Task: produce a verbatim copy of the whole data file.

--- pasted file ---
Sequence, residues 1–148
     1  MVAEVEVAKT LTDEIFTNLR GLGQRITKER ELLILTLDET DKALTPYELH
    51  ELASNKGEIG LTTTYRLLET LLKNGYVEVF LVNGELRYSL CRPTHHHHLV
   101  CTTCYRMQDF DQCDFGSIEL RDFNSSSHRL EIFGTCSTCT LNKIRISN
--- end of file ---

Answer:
Sequence, residues 1–148
     1  MVAEVEVAKT LTDEIFTNLR GLGQRITKER ELLILTLDET DKALTPYELH
    51  ELASNKGEIG LTTTYRLLET LLKNGYVEVF LVNGELRYSL CRPTHHHHLV
   101  CTTCYRMQDF DQCDFGSIEL RDFNSSSHRL EIFGTCSTCT LNKIRISN